HAVERHILL, MA — A Haverhill police officer, arrested last August on charges related to allegedly striking his girlfriend with a metal water bottle, was recently suspended 45 days by Mayor James J. Fiorentini and given other punishment.
While criminal charges were dropped against Patrolman Carlos Arriaga last January, he still faced discipline from the city for sending “harassing and vulgar” texts and visiting the woman after having been ordered twice to have no contact, according to heavily blacked out documents released after WHAV filed a request for public records.
Besides the suspension, Arriaga is to provide 20 days of punishment duty, meaning he will work on those days without pay.
The Haverhill Police Patrolman’s Association plans to appeal the case to an arbitrator. Union President Rick Welch said he is concerned the punishment far exceeds past disciplinary rulings and could become an unfair precedent for future cases.
Haverhill Police Chief Alan R. DeNaro told WHAV, “The discipline given is dramatically different than my recommendation to the mayor. I am in complete disagreement with the way this entire process has been handled. I understand and acknowledge the mayor’s authority to determine the level of punishment. However, there are certain instances where discipline severity is non-negotiable. Based upon my knowledge and experience this is one of those situations.”
Fiorentini defended his punishment, calling it “fair and reasonable.” He explained it was Arriaga’s first offense, the officer has served 22 years and that he is a military veteran. The mayor said hearings officer David Connolly recommended a 30-day suspension.
An internal affairs investigation, prepared by Capt. Robert P. Pistone last November, concludes Arriaga “flagrantly disregarded” orders. The investigation reports Arriaga was twice served with written orders not to have contact with his girlfriend. The first order was handed to him by Lt. Garrett Sarfde prior to Arriaga’s Aug. 8 court arraignment and the second, written by DeNaro, handed to Arriaga by Pistone after his first court date. DeNaro’s letter also notified the more than 20-year department veteran of his suspension with pay.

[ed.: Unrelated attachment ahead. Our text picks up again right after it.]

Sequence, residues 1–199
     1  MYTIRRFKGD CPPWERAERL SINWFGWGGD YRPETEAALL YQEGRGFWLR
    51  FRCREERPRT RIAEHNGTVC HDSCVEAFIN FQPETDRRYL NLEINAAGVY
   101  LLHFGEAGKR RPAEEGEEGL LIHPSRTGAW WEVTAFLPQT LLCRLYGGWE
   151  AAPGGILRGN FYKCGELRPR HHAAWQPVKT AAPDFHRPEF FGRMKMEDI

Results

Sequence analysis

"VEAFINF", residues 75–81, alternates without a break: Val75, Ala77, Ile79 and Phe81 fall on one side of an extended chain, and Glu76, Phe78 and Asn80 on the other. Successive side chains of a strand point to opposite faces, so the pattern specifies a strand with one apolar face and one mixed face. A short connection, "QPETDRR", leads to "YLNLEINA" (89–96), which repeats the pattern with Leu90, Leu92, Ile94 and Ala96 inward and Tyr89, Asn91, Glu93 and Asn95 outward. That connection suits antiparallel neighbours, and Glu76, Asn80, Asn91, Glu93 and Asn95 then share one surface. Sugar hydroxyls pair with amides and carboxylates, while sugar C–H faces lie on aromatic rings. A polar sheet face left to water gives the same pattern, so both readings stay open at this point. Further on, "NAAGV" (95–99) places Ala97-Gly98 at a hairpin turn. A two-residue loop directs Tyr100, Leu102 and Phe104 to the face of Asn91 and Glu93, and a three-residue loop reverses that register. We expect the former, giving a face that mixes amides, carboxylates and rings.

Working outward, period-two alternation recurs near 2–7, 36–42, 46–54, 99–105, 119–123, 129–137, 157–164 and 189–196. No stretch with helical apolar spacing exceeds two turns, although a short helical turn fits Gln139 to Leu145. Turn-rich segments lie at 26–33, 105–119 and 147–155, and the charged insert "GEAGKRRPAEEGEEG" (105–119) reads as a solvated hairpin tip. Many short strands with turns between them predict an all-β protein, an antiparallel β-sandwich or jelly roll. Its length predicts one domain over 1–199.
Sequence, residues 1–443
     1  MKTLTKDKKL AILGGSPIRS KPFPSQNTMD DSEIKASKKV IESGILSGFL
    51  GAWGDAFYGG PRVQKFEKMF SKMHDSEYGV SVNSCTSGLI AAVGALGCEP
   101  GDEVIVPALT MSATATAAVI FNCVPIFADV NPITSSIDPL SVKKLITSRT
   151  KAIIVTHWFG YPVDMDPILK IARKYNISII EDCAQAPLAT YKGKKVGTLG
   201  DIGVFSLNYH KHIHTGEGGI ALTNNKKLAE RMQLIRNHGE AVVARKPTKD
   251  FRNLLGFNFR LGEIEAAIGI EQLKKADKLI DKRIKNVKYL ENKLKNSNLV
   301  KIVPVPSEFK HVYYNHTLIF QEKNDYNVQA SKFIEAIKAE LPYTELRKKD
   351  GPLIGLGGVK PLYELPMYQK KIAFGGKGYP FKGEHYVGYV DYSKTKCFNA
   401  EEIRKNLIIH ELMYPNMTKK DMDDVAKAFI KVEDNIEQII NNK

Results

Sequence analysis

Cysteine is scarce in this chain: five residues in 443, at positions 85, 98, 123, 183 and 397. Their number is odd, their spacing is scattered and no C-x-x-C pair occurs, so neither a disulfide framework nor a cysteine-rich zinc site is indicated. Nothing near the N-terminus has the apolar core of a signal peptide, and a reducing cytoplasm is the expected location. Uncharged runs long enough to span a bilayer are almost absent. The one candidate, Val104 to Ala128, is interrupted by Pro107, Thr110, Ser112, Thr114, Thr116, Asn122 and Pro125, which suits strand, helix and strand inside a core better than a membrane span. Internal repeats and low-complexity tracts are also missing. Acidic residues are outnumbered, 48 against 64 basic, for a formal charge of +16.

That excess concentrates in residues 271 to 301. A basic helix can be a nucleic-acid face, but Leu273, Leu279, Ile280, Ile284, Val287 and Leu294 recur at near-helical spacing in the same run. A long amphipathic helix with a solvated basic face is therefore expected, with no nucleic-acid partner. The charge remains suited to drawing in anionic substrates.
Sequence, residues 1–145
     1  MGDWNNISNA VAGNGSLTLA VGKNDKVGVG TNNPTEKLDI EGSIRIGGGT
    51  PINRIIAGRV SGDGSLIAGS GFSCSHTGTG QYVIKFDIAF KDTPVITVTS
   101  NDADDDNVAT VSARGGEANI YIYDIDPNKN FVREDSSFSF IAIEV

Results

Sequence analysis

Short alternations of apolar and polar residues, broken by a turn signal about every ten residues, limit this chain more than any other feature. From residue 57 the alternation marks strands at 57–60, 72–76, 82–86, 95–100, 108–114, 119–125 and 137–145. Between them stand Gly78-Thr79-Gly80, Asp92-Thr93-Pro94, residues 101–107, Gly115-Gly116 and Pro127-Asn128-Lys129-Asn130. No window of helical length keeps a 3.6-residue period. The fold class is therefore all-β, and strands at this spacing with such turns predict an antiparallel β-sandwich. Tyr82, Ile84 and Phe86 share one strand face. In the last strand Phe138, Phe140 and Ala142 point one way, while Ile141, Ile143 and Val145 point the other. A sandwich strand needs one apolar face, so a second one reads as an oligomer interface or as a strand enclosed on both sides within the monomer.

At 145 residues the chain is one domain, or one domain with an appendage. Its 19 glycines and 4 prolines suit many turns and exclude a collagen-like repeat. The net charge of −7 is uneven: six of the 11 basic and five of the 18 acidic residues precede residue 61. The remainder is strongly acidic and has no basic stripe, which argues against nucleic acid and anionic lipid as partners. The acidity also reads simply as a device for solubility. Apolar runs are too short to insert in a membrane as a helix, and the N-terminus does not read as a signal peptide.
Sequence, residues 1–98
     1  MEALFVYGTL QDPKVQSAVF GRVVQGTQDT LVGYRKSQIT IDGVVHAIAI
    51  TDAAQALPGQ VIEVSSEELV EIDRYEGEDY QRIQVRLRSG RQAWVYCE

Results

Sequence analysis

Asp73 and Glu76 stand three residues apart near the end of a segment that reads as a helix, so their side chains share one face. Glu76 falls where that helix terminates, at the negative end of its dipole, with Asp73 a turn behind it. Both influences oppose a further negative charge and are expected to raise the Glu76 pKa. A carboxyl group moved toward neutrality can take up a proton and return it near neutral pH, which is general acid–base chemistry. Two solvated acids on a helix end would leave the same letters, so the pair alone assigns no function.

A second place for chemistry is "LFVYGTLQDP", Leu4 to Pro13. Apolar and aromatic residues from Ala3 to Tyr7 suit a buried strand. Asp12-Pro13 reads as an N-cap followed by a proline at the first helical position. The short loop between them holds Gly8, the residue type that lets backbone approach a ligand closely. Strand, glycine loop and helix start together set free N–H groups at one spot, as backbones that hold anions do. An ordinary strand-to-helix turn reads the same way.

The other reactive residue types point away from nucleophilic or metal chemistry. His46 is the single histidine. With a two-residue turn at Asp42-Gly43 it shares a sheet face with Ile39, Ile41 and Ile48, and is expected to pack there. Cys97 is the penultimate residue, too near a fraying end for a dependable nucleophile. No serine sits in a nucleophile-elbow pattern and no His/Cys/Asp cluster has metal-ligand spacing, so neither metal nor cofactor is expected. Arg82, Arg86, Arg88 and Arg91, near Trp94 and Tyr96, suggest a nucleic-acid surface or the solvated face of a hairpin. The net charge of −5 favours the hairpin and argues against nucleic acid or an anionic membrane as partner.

Despite the order, according to investigation, a Sept. 29 text message exchange and telephone conversation with the former girlfriend claimed she and Arriaga had “been in contact on and off since the time of his arrest.” At an Oct. 31 hearing on the potential violation of the no contact order, Arriaga refused to answer questions based on the advice of attorney Joseph Padolsky.
Pistone’s report said Arriaga did not carry out orders, violated rules, engaged in conduct unbecoming an officer and was insubordinate.
According to a police report, Sgt. James Keenan was sent to Arriaga’s home Aug. 7 just before midnight, after a woman said she was being “attacked” and “assaulted” by the officer. Arriaga told Keenan he and his girlfriend came home and had a few drinks before going to bed. While in bed, the officer said his girlfriend “started to yell” after he received a Gmail notification. Their fight spilled over into the garage and the couple continued to raise their voices as she sat in the driver’s seat of her car and attempted to drive out. At one point, Arriaga opened her car door, and when items—including a metal water bottle—spilled out, he picked them up, threw them back onto the passenger seat and told her to leave. When the items were thrown, she said, she was struck in the face near her right eyebrow with the metal water bottle.
In her police interview, the 39-year-old woman said the telephone notification Arriaga received was a Match.com alert and that when she attempted to leave, he “was acting all crazy, punching her car windows.”